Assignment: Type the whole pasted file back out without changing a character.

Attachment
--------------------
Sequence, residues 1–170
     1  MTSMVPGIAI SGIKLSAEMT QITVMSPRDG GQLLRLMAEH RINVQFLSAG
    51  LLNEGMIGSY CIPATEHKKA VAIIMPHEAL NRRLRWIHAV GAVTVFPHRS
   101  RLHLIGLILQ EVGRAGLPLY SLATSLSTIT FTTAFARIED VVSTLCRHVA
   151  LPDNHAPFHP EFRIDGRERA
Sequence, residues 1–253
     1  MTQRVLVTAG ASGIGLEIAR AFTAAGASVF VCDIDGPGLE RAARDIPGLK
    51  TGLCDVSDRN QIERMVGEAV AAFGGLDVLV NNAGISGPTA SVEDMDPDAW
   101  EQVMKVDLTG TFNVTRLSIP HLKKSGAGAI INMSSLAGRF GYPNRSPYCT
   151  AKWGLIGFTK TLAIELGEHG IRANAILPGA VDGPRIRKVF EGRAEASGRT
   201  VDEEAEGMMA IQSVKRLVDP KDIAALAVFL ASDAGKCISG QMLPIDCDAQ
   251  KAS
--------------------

Sequence, residues 1–170
     1  MTSMVPGIAI SGIKLSAEMT QITVMSPRDG GQLLRLMAEH RINVQFLSAG
    51  LLNEGMIGSY CIPATEHKKA VAIIMPHEAL NRRLRWIHAV GAVTVFPHRS
   101  RLHLIGLILQ EVGRAGLPLY SLATSLSTIT FTTAFARIED VVSTLCRHVA
   151  LPDNHAPFHP EFRIDGRERA
Sequence, residues 1–253
     1  MTQRVLVTAG ASGIGLEIAR AFTAAGASVF VCDIDGPGLE RAARDIPGLK
    51  TGLCDVSDRN QIERMVGEAV AAFGGLDVLV NNAGISGPTA SVEDMDPDAW
   101  EQVMKVDLTG TFNVTRLSIP HLKKSGAGAI INMSSLAGRF GYPNRSPYCT
   151  AKWGLIGFTK TLAIELGEHG IRANAILPGA VDGPRIRKVF EGRAEASGRT
   201  VDEEAEGMMA IQSVKRLVDP KDIAALAVFL ASDAGKCISG QMLPIDCDAQ
   251  KAS